Raspberry Pi 3 Model B+ Arrives With More Power, Better Networking

Yolanda Curtis
March 14, 2018

The Raspberry Pi 3 Model B has been an awesome device used by millions worldwide from commercial application to Kodi builds.

Raspberry has just announced an update to its flagship board, the Raspberry Pi 3. As a result, power consumption can be lower on the Model B+ for the same clock frequencies and voltages.


The Raspberry Pi 3 Model B+ is the latest from the Raspberry Pi foundation. This ebook explores the board's new features, measures its performance against earlier models, and includes an interview with Pi co-creator Eben Upton, who shares his thoughts on the product's evolution and plans for the future. The first example was Raspberry Pi 1 Model B+, which added two additional USB ports, introduced our current form factor, and rolled up a variety of other feedback from the community. The Model B+ sports a 1.4GHz quad-core Broadcom BCM2837B0 processor (compared to the 1.2GHz BCM2837 chip in the Pi 3), which the company says has come as a result of improved power integrity and thermal design. Raspberry Pi Foundation aims to launch its own dedicated PoE HAT that will generate the 5V needed to power this Pi model. But thanks to new packaging and a new heat spreader, it runs faster, at 1.4 GHz.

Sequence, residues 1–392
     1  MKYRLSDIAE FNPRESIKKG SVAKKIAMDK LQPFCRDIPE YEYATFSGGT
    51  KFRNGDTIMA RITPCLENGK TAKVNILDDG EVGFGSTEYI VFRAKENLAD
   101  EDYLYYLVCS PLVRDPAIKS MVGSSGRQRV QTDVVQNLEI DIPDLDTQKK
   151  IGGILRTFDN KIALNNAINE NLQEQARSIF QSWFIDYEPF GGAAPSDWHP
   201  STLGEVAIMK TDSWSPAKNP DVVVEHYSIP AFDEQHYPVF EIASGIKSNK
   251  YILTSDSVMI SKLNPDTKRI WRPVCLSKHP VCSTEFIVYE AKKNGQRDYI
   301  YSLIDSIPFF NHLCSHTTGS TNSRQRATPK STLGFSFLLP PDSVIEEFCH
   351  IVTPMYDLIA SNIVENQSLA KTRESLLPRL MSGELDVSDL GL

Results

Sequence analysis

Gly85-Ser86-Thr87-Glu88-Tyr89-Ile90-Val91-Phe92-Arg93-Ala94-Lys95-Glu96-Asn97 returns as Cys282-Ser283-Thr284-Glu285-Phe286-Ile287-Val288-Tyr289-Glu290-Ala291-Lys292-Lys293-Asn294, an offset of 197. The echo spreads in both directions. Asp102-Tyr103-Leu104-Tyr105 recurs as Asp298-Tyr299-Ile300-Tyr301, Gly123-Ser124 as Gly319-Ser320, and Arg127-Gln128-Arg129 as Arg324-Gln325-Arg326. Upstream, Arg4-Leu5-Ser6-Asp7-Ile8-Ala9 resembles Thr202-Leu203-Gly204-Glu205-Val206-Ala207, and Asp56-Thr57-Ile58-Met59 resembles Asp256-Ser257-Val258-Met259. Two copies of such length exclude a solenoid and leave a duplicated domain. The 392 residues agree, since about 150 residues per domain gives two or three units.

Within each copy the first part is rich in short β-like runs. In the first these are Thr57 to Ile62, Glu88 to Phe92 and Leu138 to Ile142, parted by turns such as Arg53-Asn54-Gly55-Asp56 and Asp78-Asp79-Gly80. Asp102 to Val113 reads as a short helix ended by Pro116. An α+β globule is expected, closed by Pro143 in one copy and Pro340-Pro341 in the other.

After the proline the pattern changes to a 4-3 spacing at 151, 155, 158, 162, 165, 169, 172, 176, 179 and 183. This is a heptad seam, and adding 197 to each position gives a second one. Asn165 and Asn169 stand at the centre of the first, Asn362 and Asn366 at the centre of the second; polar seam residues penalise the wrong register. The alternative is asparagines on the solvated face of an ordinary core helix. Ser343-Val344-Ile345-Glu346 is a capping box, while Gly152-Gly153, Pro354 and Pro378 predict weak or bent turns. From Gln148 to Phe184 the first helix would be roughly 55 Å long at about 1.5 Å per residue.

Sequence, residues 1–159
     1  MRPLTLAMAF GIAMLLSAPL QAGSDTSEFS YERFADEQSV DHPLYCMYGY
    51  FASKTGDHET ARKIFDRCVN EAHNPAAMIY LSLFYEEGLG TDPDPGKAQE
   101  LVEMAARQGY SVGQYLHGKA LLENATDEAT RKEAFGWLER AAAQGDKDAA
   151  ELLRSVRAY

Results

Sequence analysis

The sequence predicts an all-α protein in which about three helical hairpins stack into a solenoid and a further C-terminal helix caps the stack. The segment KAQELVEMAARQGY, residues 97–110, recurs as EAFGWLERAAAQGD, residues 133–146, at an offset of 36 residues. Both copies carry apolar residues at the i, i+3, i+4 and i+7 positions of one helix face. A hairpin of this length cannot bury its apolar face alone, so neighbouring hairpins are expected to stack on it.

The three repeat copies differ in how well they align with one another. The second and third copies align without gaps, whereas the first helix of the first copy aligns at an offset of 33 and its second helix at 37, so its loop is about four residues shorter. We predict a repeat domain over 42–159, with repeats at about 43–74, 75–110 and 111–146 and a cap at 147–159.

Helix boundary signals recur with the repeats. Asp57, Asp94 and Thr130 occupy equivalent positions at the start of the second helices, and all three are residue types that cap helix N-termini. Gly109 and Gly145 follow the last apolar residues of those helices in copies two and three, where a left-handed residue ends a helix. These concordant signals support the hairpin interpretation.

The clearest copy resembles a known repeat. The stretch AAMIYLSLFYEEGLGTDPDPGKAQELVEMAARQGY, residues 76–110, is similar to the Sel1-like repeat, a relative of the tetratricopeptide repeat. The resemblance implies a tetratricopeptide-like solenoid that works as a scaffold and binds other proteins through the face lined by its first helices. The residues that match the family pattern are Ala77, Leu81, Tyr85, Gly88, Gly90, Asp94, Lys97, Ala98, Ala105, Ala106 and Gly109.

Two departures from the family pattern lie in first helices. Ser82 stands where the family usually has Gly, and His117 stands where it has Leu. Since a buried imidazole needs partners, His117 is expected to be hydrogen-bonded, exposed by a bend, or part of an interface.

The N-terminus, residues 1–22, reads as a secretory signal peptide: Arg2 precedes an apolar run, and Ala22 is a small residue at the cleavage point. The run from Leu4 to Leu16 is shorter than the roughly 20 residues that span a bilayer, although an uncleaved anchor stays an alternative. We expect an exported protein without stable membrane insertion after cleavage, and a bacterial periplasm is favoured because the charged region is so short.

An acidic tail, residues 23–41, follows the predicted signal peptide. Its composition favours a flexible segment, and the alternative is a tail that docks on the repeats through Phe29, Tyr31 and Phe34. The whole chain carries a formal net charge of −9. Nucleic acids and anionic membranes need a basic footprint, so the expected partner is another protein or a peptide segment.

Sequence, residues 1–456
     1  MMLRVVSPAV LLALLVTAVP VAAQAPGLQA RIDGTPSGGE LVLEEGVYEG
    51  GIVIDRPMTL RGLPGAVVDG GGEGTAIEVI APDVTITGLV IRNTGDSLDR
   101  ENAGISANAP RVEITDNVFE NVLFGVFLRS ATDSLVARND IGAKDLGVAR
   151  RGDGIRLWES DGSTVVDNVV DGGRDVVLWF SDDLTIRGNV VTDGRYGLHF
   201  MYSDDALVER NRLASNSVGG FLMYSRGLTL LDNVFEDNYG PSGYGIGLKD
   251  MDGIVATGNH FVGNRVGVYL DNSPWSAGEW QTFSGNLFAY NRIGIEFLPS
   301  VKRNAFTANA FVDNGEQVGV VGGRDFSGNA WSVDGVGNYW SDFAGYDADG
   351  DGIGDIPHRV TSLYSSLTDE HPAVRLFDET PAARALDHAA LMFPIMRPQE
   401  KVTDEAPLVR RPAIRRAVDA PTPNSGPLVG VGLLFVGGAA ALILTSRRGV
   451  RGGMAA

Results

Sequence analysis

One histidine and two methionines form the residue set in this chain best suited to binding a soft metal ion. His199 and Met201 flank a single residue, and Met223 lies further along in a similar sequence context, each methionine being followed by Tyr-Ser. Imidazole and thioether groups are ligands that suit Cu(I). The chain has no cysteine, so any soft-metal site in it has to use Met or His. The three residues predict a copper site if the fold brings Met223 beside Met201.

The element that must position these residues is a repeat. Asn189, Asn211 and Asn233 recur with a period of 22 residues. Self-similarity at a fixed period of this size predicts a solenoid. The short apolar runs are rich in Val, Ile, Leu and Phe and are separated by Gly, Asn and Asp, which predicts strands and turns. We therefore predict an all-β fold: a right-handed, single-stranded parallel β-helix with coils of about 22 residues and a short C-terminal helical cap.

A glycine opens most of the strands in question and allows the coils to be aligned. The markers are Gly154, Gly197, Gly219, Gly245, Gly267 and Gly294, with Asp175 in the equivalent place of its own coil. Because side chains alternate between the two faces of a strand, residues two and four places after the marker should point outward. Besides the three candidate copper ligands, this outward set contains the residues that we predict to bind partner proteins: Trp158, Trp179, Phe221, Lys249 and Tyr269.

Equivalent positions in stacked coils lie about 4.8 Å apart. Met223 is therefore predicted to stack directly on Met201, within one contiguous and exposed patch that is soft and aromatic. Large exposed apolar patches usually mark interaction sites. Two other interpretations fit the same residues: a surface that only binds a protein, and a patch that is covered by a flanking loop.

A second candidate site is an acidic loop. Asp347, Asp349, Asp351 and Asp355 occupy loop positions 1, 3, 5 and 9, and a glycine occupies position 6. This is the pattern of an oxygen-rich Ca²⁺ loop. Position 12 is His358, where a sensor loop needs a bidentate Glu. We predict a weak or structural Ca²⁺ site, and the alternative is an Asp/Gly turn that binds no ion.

By way of a quick recap, the Raspberry Pi is a credit card-sized contraption that serves as a building block for functional computers - users can construct fully working PCs or machines that control their connected home, for example. "While the USB 2.0 connection to the application processor limits the available bandwidth, we still see roughly a threefold increase in throughput compared to Raspberry Pi 3B", the blog post reads.


The Pi Foundation will continue to sell the previous Pi 3 model, the Model B, for $35 as well because certain industrial customers still require it. For makers that is a very positive change as it allowed for the entire device to be certified as a radio module under FCC rules - with a significant reduction in the cost of conformance testing Raspberry Pi-based products as a knock-on effect.


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